We have a data problem. Humanity is now generating more data than it can handle; more sensors, smartphones, and devices of all types are coming online every day and contributing to the ever-growing global dataset.
OAK RIDGE, Tenn., Feb. 19, 2020 — The U.S. Department of Energy’s Oak Ridge National Laboratory and the Tennessee Valley Authority have signed a memorandum of understanding to evaluate a new generation of flexible, cost-effective advanced nuclear reactors.
A team from the ORNL has conducted a series of experiments to gain a better understanding of quantum mechanics and pursue advances in quantum networking and quantum computing, which could lead to practical applications in cybersecurity and other areas.
A joint research team from Google Inc., NASA Ames Research Center, and the Department of Energy’s Oak Ridge National Laboratory has demonstrated that a quantum computer can outperform a classical computer
OAK RIDGE, Tenn., May 7, 2019—Energy Secretary Rick Perry, Congressman Chuck Fleischmann and lab officials today broke ground on a multipurpose research facility that will provide state-of-the-art laboratory space
In a step toward advancing small modular nuclear reactor designs, scientists at Oak Ridge National Laboratory have run reactor simulations on ORNL supercomputer Summit with greater-than-expected computational efficiency.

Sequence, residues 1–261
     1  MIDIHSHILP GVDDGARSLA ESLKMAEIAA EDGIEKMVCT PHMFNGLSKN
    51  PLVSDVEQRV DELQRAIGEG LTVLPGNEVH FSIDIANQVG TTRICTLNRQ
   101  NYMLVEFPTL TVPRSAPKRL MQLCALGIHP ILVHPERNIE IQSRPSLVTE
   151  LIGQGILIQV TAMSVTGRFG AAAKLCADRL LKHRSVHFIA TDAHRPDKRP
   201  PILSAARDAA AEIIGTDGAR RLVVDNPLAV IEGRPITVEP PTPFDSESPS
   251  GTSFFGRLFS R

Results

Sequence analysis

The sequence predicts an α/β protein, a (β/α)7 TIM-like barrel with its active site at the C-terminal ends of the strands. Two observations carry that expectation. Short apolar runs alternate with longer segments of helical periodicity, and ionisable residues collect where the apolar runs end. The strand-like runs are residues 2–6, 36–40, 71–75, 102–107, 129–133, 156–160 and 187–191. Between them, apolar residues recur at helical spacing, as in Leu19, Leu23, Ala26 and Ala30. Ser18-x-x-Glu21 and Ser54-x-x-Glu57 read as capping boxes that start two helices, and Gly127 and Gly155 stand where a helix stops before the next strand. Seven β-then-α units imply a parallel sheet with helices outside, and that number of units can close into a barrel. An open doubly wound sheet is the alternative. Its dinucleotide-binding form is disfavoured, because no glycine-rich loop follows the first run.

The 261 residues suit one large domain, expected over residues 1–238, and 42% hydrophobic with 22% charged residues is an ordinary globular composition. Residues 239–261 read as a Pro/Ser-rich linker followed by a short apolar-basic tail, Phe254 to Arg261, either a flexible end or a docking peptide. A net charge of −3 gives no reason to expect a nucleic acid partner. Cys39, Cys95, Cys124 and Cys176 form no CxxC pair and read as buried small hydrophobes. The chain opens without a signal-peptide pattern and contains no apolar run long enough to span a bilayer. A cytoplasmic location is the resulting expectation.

Scientists at the Department of Energy’s Oak Ridge National Laboratory are working to understand both the complex nature of uranium and the various oxide forms it can take during processing steps that might occur throughout the nuclear fuel cycle.
Oak Ridge National Laboratory scientists have created open source software that scales up analysis of motor designs to run on the fastest computers available, including those accessible to outside users at the Oak Ridge Leadership Computing Facility.
OAK RIDGE, Tenn., Feb. 12, 2019—A team of researchers from the Department of Energy’s Oak Ridge and Los Alamos National Laboratories has partnered with EPB, a Chattanooga utility and telecommunications company, to demonstrate the effectiveness of metro-scale quantum key distribution (QKD).
By analyzing a pattern formed by the intersection of two beams of light, researchers can capture elusive details regarding the behavior of mysterious phenomena such as gravitational waves. Creating and precisely measuring these interference patterns would not be possible without instruments called interferometers.